Supporters of Florida’s expanded “stand your ground” self-defense law say they expect Monday’s ruling by a Miami judge striking down a revision made to the law last month will be thrown out in the appeals process.
“It (Monday’s ruling) is obvious it is so bad there are many, many items that set it up for appeal,” said Marion Hammer, a lobbyist for the National Rifle Association and past president of the group.
The revision, which was signed into law last month by Gov. Rick Scott, made it easier for defendants in Florida to claim they were protecting themselves when they commit violence.
Under the original law, defendants were required to prove they were using force to defend themselves in stand your ground cases. The amended version shifted the responsibility to prosecutors to prove in pre-trial hearings whether force was used lawfully.
In Monday’s decision, Miami-Dade Circuit Judge Milton Hirsch ruled that the Legislature overstepped its authority and violated the separation of powers doctrine.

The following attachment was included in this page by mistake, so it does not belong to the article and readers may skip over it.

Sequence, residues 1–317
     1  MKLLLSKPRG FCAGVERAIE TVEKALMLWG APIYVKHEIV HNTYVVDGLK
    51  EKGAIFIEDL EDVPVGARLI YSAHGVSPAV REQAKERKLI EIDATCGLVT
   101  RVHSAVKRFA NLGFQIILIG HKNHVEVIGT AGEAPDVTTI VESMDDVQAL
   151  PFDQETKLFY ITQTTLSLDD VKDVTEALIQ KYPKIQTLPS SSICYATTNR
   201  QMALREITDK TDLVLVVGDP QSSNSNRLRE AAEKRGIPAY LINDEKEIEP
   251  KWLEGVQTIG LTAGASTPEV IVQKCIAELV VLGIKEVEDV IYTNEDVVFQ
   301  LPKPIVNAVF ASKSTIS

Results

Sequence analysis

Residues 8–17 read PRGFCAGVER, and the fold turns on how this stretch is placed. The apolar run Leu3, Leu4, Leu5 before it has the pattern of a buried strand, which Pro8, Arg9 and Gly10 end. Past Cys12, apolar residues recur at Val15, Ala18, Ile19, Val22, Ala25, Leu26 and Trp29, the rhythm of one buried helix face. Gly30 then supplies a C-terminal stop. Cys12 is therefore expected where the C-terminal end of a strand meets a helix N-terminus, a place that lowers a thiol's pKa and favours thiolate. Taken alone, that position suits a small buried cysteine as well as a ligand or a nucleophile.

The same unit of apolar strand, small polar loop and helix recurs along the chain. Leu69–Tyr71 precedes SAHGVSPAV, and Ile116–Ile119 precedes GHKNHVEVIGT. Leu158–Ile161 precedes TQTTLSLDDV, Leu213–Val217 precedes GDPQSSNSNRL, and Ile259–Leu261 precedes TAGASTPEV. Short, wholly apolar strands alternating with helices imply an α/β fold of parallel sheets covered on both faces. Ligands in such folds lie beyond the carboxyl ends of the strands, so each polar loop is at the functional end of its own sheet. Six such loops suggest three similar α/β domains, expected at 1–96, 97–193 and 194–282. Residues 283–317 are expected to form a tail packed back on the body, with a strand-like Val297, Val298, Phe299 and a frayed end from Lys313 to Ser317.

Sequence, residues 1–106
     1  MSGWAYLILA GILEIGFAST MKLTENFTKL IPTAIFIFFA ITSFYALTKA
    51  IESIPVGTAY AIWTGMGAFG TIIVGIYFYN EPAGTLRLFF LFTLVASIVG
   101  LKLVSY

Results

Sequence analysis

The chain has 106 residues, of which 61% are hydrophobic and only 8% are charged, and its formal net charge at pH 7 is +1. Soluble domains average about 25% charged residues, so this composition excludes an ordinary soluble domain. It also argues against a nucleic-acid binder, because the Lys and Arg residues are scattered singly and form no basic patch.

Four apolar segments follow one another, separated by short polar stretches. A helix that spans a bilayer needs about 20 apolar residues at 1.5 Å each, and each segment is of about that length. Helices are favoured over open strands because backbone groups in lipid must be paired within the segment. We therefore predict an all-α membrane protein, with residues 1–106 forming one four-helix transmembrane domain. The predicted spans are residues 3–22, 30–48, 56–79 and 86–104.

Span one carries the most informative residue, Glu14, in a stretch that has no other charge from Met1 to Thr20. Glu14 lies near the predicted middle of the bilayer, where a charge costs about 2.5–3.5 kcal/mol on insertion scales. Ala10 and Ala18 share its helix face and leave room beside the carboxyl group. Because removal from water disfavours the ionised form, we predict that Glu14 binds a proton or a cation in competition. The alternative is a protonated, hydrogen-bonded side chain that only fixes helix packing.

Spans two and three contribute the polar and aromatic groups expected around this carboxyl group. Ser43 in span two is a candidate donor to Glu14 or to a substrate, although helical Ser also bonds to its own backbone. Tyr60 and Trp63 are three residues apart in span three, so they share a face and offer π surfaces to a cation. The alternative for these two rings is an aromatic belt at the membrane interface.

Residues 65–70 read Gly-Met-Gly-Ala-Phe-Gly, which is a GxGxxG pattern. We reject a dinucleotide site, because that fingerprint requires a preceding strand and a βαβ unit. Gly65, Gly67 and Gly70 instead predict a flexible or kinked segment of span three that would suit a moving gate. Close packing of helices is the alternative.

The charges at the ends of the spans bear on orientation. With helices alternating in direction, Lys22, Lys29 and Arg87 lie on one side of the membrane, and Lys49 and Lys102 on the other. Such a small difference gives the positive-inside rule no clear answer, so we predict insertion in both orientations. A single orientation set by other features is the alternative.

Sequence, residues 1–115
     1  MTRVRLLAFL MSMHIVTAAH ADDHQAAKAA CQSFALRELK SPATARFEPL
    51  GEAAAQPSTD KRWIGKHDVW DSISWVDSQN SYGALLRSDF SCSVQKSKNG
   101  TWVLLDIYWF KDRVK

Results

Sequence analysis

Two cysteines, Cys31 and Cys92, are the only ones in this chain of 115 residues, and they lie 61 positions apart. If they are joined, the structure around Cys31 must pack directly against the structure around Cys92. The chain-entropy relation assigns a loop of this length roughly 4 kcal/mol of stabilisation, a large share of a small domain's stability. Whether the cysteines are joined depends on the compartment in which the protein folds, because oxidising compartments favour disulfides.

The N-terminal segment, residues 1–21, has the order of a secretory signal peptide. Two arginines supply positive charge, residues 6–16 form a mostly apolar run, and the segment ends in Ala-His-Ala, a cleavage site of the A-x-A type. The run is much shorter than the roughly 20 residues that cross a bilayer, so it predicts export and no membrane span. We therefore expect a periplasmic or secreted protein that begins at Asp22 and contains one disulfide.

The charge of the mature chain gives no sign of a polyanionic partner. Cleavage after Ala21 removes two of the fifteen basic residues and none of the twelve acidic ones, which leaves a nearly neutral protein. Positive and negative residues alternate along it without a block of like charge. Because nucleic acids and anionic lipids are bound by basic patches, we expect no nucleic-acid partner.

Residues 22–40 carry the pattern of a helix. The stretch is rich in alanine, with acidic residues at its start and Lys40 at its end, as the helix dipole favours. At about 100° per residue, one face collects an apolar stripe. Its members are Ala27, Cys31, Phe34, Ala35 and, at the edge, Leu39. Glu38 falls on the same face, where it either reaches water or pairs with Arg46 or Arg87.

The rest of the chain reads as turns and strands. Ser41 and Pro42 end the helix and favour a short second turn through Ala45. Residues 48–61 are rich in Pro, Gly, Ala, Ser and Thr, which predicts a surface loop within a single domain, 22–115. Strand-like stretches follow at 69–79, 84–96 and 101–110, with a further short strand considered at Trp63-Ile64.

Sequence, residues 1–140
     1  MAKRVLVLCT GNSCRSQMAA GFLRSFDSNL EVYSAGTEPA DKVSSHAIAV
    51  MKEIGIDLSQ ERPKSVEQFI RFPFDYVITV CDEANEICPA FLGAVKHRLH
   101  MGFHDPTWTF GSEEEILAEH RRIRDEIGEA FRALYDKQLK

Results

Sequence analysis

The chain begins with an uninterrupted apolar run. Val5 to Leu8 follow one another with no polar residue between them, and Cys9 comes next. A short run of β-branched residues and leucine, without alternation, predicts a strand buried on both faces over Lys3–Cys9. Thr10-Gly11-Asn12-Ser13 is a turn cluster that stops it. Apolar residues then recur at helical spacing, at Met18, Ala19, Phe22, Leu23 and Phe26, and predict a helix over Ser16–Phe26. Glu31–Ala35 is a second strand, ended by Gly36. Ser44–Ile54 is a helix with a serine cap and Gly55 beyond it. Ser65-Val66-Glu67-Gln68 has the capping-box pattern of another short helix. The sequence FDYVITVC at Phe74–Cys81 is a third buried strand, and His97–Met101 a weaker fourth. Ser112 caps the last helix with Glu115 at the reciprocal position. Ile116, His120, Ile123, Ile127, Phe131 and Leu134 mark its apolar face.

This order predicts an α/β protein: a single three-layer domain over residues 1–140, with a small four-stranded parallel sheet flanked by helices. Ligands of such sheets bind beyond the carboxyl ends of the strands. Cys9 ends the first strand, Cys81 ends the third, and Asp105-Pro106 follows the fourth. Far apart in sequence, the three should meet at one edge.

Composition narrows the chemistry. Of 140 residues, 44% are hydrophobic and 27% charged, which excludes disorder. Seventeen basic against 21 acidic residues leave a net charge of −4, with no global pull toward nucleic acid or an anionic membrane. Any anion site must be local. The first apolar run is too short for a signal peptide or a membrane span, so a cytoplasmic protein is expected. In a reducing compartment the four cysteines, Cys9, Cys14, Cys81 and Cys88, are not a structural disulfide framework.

Hirsch wrote that the Legislature’s job was to enact “substantive” law. He said this year’s revision amounted to a “procedural” change which falls under the responsibility of the Florida Supreme Court.
Legislative leaders were quick to defend their authority to revise the statute.
“It is the role of the Legislature to write the laws that govern how Floridians may exercise their statutory and constitutional rights,” said House Speaker Richard Corcoran, R-Land O’Lakes, in a series of tweets sent following the judge’s decision. “The Florida House will continue to stand with ordinary citizens who exercise their right to self-defense.”
In his decision, Hirsch says the constitutional separation of powers does not allow any of the three branches of government–executive, legislative and judicial–from interfering with the authority of another branch.
“It applies in such cases because experience with government has shown that any momentary benefit expected from a change in law is usually outweighed by the lasting detriment resulting from a change in our constitutional system of checks and balances,” Hirsch wrote.
Opponents of the amended law were quick to praise the judge’s ruling.
“Yet another ill-concieved [sp] law rammed thru the legislature by GOP is ruled unconstitutional. Pls stop,” state Rep. Carlos Smith, D-Orlando, said in a tweet after Monday’s ruling.
Backers of the revised law say there will be an appeal of the judge’s ruling and they are confident an appeals judge will overturn Hirsch’s decision.